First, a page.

Even in the face of a North Korean ICBM test on 4 July 2017, which newly threatens Alaska, a Kodiak, Alaska-based THAAD interceptor test (FTT-18) against a simulated attack by an Intermediate Range Ballistic Missile had long been planned. FTT-18 was successfully completed by Battery A-2 THAAD (Battery A, 2nd Air Defense Artillery Regiment, Terminal High Altitude Area Defense) of the 11th Air Defense Artillery Brigade (United States) on 11 July 2017. The soldiers used the procedures of an actual combat scenario and were not aware of the IRBM’s launch time.

Also in 2017 another Kodiak launch of a THAAD interceptor is scheduled between 7:30PM and 1:30AM on Saturday 29 July, Sunday 30 July, or Monday 31 July, at alternative times. North Korea is apparently positioning launch equipment in Kusong in preparation for a 27 July holiday. Lee Jong-kul, of South Korean President Moon Jae-in’s Minjoo Party states “The nuclear and missile capabilities of North Korea…have been upgraded to pose serious threats; the international cooperation system to keep the North in check has been nullified..”, citing tensions over the U.S. deployment of the Terminal High Altitude Area Defense anti-missile system in South Korea.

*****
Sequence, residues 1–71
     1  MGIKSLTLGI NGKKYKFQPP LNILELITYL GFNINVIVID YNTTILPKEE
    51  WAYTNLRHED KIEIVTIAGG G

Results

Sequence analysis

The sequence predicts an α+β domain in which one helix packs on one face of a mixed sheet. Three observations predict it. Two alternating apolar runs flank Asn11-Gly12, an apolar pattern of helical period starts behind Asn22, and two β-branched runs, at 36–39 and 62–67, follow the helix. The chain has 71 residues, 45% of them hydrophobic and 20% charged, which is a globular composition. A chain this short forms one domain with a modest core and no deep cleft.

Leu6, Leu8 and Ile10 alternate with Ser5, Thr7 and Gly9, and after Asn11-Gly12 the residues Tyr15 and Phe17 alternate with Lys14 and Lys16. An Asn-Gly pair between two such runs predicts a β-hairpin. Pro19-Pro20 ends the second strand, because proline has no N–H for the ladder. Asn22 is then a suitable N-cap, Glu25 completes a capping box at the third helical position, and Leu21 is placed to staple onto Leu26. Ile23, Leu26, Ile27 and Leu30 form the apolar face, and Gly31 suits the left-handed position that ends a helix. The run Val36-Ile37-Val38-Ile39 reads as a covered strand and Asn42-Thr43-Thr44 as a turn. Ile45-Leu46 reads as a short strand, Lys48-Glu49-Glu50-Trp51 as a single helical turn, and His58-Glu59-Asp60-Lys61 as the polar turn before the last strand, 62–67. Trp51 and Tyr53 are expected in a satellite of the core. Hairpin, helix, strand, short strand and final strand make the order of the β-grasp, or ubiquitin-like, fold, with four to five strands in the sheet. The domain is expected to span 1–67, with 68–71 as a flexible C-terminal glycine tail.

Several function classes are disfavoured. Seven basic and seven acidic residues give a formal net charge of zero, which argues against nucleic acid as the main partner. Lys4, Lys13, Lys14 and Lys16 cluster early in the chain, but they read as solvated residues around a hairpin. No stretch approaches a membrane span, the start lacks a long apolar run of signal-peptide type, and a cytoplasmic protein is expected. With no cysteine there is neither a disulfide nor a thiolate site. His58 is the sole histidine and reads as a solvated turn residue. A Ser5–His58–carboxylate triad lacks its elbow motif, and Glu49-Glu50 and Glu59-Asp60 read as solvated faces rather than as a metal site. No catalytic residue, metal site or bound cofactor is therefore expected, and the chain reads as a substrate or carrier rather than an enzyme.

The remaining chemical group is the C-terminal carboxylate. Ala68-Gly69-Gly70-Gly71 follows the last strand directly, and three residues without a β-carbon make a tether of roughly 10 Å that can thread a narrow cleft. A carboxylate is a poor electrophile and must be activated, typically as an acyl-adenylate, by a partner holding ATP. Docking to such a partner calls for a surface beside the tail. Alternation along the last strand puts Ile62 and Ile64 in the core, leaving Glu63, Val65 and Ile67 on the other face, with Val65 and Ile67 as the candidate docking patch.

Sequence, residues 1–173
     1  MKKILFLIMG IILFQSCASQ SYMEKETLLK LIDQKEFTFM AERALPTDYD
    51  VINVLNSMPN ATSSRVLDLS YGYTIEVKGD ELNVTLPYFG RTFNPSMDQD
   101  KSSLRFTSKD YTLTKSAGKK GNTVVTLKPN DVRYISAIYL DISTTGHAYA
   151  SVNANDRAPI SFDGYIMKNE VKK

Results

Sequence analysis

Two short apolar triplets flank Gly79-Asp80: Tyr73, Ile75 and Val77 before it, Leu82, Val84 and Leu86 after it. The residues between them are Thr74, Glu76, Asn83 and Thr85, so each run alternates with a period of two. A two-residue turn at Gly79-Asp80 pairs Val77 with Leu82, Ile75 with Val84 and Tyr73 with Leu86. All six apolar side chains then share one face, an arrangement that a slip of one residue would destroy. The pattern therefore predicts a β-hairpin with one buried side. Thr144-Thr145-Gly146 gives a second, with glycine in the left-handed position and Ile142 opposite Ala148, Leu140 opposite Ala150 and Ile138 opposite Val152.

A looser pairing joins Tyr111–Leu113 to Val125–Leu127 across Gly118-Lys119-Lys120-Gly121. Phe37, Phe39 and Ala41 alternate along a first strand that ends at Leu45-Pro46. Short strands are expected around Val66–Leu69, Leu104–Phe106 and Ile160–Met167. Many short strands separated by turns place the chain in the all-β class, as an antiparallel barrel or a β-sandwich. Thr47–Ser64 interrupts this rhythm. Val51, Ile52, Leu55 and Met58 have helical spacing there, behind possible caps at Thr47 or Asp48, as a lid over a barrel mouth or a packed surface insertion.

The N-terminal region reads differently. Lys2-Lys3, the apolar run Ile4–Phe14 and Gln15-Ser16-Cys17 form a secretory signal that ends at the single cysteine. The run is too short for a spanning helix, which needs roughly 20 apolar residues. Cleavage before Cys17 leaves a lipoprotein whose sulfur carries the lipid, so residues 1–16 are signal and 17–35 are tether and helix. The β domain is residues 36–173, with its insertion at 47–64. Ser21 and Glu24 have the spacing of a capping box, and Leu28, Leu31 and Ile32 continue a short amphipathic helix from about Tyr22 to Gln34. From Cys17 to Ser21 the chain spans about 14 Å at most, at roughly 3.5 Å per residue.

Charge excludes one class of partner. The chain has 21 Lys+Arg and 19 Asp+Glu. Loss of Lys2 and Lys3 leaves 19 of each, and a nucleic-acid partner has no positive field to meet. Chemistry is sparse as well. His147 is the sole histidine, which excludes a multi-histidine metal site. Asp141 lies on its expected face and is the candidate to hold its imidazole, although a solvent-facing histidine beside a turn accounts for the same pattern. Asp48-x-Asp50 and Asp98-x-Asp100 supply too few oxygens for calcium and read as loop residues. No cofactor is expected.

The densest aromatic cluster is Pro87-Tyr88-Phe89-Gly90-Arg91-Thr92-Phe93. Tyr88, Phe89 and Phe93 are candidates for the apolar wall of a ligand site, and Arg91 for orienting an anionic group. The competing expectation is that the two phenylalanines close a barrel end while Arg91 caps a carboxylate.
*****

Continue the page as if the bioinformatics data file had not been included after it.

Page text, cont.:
Source: Voice of America News.

US to test THAAD missile defence system within days

Reuters

The US is planning to carry out a test of a missile defence system against an intermediate-range ballistic missile amid heightened tensions with North Korea, according to reports.

 The test, although planned months ago, comes after Pyongyang launched an intercontinental ballistic missile (ICBM) on 4 July that has increased concerns over the threat North Korea poses.

It is the first operational test of the Terminal High Altitude Area Defense (THAAD) to defend against a simulated attack, US officials told Reuters news agency.

The interceptor will be fired from Alaska and will take place “in the coming days”, the agency reported.

THAAD interceptors are positioned in Guam which are meant to help guard against a missile attacks, such as one from North Korea.